Public Release: 

International team launches vast atlas of mathematical objects

New online resource represents enormous computational effort, will advance research across fields

Massachusetts Institute of Technology

An international group of mathematicians at MIT and other institutions has released a new online resource that provides detailed maps of previously uncharted mathematical terrain.

The "L-functions and Modular Forms Database," or LMFDB, is a detailed atlas of mathematical objects that maps out the connections between them. The LMFDB exposes deep relationships and provides a guide to previously uncharted territory that underlies current research in several branches of physics, computer science, and mathematics. This coordinated effort is part of a massive collaboration of researchers around the globe.

The scale the computational effort that went into creating the LMFDB is staggering: Multiple teams of researchers spent a total of nearly 1,000 years of computer time on calculations. One recent computation by Principal Research Scientist Andrew Sutherland at MIT used more than 72,000 cores of Google's Compute Engine to complete in one weekend a tabulation that would have taken more than a century on a single computer. As noted by Sutherland, "Computations in number theory are often amenable to massive parallelization, and this allows us to scale them to the cloud." Some of these calculations are so intricate that only a handful of experts know how to do them, and some are so big that it makes sense to run them only once, and then share the verified results.

Large-scale cloud computing is just one of the ways in which the project is changing the way mathematics research is done. The LMFDB provides a sophisticated Web interface that allows both experts and amateurs to easily navigate its contents. Each object has a "homepage" and links to related objects, or "friends." The LMFDB also includes an integrated knowledge database that explains its contents and the mathematics behind it. "We are mapping the mathematics of the 21st century," says project member Brian Conrey, director of the American Institute of Mathematics. "The LMFDB is both an educational resource and a research tool, one that will become indispensable for future exploration."

Prime numbers have fascinated mathematicians throughout the ages. The distribution of primes is believed to be random, but proving this remains beyond the grasp of mathematicians to date. Under the Riemann hypothesis, the distribution of primes is intimately related to the Riemann zeta function, which is the simplest example of an L-function. The LMFDB contains more than 20 million L-functions, each of which has an analogous Riemann hypothesis that is believed to govern the distribution of a wide range of more exotic mathematical objects. Patterns found in the study of these L-functions also arise in complex quantum systems, and there is a conjectured connection to quantum physics.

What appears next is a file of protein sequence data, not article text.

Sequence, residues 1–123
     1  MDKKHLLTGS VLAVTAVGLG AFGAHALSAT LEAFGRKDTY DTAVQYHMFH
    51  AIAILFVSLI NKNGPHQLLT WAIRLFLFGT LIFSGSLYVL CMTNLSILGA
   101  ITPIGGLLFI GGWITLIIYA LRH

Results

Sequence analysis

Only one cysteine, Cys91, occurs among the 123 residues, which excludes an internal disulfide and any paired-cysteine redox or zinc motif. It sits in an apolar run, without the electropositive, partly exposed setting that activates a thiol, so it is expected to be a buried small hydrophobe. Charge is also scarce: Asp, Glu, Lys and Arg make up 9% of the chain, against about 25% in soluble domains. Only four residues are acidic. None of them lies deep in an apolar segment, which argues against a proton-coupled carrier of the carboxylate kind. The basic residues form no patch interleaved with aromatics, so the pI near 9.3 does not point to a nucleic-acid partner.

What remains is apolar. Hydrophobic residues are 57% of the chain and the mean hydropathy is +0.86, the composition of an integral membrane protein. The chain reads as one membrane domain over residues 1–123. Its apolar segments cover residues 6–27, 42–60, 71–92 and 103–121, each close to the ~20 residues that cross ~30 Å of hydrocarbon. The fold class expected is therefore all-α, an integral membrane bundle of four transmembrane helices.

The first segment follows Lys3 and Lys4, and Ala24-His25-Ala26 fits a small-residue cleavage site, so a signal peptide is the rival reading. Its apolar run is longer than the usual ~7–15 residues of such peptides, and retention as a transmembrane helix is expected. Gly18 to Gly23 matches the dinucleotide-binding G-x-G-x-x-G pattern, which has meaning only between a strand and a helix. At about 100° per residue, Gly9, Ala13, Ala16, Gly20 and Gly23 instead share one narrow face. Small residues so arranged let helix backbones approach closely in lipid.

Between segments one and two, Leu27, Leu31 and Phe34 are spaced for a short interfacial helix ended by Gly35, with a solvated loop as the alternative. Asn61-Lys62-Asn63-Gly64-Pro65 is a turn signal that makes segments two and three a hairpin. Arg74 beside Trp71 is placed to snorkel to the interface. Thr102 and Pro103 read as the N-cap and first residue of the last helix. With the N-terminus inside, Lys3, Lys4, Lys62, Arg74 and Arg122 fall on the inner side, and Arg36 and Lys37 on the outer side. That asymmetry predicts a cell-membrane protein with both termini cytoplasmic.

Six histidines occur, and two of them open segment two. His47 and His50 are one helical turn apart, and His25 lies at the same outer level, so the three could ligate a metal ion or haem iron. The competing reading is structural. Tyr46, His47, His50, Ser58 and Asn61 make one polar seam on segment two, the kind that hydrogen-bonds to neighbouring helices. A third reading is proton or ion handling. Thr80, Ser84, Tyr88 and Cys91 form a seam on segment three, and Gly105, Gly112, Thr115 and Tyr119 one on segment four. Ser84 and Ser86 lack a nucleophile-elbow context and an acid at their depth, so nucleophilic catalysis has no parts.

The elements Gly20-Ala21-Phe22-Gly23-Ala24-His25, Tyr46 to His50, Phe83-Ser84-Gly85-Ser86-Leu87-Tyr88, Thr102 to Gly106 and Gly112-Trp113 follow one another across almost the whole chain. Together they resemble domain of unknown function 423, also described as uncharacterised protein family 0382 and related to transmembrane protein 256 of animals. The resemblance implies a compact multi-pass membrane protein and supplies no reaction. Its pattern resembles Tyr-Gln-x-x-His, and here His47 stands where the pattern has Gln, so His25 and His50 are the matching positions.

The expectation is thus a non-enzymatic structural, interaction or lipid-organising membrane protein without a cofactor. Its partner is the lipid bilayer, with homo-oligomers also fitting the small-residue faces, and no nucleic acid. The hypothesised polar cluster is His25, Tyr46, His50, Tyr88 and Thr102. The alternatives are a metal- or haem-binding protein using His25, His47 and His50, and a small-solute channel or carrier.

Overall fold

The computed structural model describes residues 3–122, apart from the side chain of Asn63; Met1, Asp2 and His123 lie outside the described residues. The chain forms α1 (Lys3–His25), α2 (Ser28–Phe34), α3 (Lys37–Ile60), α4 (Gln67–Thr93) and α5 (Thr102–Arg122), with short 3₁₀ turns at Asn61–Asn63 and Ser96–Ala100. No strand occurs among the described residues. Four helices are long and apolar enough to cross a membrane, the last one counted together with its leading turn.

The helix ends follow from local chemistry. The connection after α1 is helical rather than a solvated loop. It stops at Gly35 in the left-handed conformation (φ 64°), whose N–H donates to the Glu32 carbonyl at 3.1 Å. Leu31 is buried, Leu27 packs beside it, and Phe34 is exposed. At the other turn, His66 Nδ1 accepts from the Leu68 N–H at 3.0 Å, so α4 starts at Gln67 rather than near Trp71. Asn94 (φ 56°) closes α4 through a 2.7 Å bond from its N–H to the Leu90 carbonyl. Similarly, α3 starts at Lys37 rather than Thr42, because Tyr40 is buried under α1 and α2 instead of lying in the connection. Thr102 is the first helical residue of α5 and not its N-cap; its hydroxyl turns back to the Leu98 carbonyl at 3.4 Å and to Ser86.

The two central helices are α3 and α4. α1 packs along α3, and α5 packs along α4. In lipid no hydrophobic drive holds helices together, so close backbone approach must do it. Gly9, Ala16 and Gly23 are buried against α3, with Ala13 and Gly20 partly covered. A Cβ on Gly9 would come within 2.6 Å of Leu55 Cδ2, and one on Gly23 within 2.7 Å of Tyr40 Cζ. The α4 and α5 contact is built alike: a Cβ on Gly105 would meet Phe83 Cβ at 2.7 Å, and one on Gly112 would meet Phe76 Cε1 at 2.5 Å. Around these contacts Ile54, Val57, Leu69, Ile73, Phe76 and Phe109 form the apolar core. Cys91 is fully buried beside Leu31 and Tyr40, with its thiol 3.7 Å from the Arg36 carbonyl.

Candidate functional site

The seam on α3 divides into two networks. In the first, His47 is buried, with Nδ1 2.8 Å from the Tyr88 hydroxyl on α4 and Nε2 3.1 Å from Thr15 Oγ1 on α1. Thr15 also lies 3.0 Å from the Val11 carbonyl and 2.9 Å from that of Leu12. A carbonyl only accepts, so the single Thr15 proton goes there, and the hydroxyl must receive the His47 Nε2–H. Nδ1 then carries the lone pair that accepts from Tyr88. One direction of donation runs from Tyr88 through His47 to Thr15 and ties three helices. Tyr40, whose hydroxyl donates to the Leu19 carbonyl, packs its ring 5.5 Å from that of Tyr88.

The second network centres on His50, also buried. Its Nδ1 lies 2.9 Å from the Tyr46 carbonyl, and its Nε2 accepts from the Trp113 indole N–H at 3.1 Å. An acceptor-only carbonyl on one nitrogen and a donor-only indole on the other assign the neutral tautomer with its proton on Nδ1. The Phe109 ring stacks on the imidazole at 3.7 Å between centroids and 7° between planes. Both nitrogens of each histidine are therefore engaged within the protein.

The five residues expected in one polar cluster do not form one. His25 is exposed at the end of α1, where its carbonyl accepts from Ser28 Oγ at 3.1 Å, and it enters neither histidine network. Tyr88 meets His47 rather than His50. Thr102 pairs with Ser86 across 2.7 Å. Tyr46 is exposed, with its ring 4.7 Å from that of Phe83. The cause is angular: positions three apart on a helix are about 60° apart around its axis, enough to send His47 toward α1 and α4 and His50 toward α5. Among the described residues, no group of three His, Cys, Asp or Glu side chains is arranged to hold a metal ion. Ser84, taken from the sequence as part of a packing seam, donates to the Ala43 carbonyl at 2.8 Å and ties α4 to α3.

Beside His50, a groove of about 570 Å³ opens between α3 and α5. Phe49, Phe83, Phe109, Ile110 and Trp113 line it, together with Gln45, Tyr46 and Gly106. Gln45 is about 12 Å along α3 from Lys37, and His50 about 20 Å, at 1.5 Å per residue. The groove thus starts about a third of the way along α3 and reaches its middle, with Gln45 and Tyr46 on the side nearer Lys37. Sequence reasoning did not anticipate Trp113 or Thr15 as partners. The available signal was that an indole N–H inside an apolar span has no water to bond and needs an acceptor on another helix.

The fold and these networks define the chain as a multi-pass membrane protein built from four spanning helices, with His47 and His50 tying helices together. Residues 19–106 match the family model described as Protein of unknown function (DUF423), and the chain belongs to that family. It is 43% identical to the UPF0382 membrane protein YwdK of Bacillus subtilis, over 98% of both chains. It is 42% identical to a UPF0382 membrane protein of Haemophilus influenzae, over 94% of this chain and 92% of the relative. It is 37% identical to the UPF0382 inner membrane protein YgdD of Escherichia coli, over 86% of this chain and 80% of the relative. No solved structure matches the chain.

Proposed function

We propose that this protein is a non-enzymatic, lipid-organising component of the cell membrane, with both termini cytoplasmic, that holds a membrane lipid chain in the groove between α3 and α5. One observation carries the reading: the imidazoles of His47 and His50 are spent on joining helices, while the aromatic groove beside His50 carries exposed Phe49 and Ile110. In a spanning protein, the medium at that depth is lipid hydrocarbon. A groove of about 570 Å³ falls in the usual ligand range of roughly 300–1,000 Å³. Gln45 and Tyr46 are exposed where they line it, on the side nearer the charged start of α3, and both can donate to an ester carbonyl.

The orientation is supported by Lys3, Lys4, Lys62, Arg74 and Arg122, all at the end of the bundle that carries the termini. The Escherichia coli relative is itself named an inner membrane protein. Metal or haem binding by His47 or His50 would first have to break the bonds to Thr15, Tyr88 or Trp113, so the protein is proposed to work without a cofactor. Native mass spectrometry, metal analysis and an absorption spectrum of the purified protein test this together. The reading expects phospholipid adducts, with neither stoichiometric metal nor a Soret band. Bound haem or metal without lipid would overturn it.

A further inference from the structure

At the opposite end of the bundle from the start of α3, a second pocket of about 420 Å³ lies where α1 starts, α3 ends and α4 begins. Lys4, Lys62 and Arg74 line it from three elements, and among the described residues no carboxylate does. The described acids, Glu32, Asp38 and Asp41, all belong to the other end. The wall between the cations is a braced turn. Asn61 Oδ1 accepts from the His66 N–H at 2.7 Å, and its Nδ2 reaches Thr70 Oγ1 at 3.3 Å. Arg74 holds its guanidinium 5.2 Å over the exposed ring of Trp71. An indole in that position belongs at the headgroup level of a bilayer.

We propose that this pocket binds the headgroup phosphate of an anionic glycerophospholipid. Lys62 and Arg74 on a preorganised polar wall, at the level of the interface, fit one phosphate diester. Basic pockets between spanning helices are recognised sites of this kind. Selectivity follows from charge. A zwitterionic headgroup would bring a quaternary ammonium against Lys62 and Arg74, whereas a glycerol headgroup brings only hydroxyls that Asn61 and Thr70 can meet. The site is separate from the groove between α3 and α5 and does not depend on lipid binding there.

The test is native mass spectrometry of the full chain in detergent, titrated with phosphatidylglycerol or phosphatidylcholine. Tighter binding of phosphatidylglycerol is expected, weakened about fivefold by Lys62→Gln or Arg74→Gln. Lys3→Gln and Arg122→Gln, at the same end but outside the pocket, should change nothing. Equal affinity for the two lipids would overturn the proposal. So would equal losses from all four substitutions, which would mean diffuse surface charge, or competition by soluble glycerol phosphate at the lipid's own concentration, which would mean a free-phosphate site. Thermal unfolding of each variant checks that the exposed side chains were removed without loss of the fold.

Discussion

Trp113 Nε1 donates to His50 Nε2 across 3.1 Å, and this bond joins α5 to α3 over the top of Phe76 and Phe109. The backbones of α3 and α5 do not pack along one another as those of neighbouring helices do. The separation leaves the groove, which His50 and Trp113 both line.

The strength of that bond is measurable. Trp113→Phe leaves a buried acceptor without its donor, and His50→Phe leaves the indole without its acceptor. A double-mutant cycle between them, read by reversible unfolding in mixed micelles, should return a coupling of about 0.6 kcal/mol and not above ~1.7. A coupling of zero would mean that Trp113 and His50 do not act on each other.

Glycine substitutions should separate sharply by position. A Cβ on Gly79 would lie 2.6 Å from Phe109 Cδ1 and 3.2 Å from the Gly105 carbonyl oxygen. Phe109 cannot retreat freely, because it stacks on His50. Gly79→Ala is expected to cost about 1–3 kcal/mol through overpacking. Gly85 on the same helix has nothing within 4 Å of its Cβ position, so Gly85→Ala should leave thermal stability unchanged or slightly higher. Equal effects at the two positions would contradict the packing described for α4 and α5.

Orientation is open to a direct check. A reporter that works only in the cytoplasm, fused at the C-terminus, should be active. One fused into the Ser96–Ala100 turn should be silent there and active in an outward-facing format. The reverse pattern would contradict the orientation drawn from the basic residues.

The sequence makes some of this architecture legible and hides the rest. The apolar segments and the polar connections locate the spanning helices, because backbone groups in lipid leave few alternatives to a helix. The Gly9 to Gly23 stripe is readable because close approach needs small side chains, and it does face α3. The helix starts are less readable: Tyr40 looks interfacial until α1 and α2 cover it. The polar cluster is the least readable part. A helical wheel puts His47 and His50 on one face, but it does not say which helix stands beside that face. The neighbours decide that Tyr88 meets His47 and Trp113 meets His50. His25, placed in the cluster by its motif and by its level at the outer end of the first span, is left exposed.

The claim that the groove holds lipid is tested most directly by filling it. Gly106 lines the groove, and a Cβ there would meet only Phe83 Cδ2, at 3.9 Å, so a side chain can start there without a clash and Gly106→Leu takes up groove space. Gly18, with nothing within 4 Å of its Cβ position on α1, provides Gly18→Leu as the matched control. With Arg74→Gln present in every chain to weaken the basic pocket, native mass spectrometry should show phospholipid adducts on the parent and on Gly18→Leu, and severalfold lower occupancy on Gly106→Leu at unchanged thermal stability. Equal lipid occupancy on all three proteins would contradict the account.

One of the great triumphs in mathematics of the late 20th century was Andrew Wiles' proof of Fermat's Last Theorem, a proposition by Pierre de Fermat that went unproven for more than 300 years despite the efforts of generations of mathematicians. The key to Wiles' proof was establishing a long-conjectured relationship between two mathematical worlds: elliptic curves and modular forms. Elliptic curves arise naturally in many parts of mathematics and can be described by a simple cubic equation; they form the basis of cryptographic protocols used by most of the major Internet companies, including Google, Facebook, and Amazon. Modular forms are more mysterious objects: complex functions with an almost unbelievable degree of symmetry. Elliptic curves and modular forms are connected via their L-functions. The remarkable relationship between elliptic curves and modular forms is made fully explicit in the LMFDB, where users can travel from one world to another with the click of a mouse and view the L-functions that connect the two worlds.

The connections exploited by Wiles are just a small part of the Langlands program, a vast web of conjectures proposed by Robert Langlands in the late 1960s that has been called the Rosetta Stone of mathematics. The Langlands program is enormous in scope but vague in some of its details; it serves as a framework for the millions of connections now cataloged by the LMFDB. The exact nature of these connections is the subject of a great deal of current research that will be accelerated by the LMFDB.

Several simultaneous events on May 10 in North America and Europe will celebrate the launch of the LMFDB, including public presentations and lectures at Dartmouth College in Hanover, New Hampshire; the American Institute for Mathematics in San Jose, California; and the University of Bristol in the United Kingdom.

The LMFDB project is funded by the U.S. National Science Foundation, the U.K. Engineering and Physical Sciences Research Council, the American Institute of Mathematics, the EU 2020 Horizon Open DreamKit Project, and the Institute for Computational and Experimental Research in Mathematics, and involves researchers from Arizona State University, Dartmouth College, Duquesne University, Oregon State University, the University of California at San Diego, the University of Bristol, the University of Warwick, the University of Washington, the University of Waterloo, and other institutions.


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